ACE Inhibitors and Protection Against Kidney Disease Progression in Patients With Type 2 Diabetes: What's the Evidence?

Authors

  • George L. Bakris MD,

    1. From the Department of Preventive Medicine, Rush-Presbyterian-St. Luke's Medical Center, Chicago, IL;1 and the Renal Division, University of Baltimore, Baltimore, MD2
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  • and 1 Matthew Weir MD 2

    1. From the Department of Preventive Medicine, Rush-Presbyterian-St. Luke's Medical Center, Chicago, IL;1 and the Renal Division, University of Baltimore, Baltimore, MD2
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George L. Bakris, MD, Professor and Vice Chairman,
Department of Preventive Medicine, Rush-Presbyterian-St.
Luke's Medical Center, 1700 W. Van
Buren Street, Chicago, IL 60612gbakris@rush.edu

Abstract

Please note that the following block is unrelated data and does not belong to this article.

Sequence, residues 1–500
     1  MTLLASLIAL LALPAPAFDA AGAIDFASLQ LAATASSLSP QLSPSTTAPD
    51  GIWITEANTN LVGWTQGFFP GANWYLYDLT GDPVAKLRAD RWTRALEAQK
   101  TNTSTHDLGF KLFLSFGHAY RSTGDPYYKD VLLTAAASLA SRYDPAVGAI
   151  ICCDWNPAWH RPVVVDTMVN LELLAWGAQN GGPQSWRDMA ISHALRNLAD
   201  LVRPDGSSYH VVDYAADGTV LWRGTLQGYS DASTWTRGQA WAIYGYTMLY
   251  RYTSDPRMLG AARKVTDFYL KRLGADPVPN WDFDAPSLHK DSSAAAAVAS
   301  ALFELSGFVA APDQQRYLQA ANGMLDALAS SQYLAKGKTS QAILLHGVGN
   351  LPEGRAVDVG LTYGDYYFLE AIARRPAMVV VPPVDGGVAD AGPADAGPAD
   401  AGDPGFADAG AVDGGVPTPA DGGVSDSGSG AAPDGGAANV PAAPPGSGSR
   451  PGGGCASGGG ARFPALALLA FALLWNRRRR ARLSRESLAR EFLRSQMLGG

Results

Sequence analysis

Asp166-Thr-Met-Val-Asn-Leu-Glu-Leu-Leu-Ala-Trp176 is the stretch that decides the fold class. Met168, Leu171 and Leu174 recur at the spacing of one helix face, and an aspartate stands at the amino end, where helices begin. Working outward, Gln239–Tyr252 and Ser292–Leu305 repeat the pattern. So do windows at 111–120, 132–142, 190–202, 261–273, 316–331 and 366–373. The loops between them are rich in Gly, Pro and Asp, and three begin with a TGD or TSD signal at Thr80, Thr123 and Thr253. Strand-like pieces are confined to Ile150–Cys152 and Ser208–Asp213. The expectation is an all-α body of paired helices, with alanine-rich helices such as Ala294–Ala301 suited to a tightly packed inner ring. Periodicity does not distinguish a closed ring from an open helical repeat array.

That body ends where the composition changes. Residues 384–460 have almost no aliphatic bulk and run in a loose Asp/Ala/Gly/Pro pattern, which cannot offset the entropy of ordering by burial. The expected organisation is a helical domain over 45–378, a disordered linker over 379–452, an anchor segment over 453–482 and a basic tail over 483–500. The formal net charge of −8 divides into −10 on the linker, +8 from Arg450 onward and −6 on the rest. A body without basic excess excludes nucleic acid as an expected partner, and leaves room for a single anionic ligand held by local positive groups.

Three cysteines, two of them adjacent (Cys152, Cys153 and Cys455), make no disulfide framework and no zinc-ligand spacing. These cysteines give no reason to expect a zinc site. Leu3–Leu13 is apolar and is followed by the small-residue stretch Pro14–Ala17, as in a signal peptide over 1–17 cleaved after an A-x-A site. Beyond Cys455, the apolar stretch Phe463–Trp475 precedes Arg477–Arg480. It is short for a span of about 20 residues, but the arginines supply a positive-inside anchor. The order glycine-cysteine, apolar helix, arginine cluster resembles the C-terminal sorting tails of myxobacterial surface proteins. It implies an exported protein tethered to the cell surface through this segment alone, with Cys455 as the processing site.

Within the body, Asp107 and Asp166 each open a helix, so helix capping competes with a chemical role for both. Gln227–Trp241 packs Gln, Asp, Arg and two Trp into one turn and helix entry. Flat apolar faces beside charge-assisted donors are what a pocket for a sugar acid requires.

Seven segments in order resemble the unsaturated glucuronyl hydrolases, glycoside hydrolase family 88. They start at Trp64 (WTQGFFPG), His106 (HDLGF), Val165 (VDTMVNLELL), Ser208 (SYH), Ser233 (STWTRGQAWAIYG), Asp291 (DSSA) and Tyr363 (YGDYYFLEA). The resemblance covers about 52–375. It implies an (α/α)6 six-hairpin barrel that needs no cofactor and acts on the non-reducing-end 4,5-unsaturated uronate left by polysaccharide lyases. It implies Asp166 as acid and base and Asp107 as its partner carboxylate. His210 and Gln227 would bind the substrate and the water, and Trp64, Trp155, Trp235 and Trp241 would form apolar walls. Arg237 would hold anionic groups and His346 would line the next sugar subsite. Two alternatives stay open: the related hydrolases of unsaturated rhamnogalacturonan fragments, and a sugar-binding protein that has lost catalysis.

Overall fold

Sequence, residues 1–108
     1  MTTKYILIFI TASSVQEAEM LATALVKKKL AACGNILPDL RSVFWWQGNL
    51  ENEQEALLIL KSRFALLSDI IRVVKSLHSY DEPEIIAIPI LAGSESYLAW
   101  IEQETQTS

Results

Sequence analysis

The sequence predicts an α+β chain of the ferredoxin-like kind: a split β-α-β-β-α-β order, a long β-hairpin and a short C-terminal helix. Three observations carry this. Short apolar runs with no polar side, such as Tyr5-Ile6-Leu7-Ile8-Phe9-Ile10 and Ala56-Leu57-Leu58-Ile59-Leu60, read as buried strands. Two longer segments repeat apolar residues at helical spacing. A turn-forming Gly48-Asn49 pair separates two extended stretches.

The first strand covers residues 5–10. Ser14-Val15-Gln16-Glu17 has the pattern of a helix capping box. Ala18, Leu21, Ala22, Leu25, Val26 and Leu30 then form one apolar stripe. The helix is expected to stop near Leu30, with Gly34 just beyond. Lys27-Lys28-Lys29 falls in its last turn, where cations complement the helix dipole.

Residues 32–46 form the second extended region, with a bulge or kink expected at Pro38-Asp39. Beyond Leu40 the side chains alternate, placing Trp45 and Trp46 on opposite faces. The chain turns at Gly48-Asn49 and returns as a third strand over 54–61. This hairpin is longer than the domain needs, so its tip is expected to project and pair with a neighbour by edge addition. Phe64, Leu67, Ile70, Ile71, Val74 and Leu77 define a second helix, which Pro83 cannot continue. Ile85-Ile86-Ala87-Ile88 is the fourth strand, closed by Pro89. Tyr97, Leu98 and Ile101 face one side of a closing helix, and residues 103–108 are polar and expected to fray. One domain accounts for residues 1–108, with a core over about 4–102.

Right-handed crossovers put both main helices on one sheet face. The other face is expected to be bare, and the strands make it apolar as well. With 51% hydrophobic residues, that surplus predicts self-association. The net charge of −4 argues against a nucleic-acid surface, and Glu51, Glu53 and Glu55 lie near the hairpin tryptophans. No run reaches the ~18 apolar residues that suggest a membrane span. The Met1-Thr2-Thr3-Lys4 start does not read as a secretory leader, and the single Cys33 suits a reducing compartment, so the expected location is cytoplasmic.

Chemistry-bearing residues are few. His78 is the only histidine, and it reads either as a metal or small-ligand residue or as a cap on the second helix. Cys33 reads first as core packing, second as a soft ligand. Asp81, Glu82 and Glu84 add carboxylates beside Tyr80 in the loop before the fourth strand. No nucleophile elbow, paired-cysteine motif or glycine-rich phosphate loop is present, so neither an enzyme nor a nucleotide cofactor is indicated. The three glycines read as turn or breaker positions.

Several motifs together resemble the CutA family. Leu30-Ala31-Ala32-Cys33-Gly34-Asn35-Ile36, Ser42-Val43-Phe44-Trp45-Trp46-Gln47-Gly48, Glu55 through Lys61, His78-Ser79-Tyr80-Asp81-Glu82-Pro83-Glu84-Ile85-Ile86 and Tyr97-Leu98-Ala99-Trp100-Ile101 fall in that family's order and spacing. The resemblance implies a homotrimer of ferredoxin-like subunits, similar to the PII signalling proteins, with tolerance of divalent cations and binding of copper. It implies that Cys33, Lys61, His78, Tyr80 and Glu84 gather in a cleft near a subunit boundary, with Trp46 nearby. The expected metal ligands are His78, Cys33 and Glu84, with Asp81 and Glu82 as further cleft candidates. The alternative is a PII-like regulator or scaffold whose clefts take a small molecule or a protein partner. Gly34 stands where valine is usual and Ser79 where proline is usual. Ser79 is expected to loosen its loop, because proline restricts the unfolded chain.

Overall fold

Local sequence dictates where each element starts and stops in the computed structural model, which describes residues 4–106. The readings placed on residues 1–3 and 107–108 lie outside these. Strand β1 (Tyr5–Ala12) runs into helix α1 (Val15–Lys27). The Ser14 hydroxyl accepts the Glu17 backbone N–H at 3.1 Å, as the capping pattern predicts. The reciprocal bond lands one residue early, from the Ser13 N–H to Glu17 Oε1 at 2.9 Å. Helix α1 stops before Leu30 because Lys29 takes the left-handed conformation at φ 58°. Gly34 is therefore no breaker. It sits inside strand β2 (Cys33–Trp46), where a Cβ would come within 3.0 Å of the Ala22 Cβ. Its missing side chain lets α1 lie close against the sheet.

Although angiotensin-converting enzyme inhibitors are frequently used as antihypertensive agents to lower blood pressure and slow progression of nephropathy in patients with type 2 diabetes, evidence of their efficacy has been drawn primarily from small trials with surrogate end points. No adequately powered, long-term trials have tested their effects to reduce the incidence of hard end points, such as progression to end-stage renal disease or even doubling of serum creatinine in the population of patients with nephropathy from type 2 diabetes. While the results of angiotensin-converting enzyme inhibitor trials from nondiabetic causes and even type 1 diabetes may be extrapolated to the patient with nephropathy associated with type 2 diabetes, the hard evidence is not available. This review critically evaluates the limited evidence in support of angiotensin-converting enzyme inhibitors as renal-protective agents in people with type 2 diabetes.

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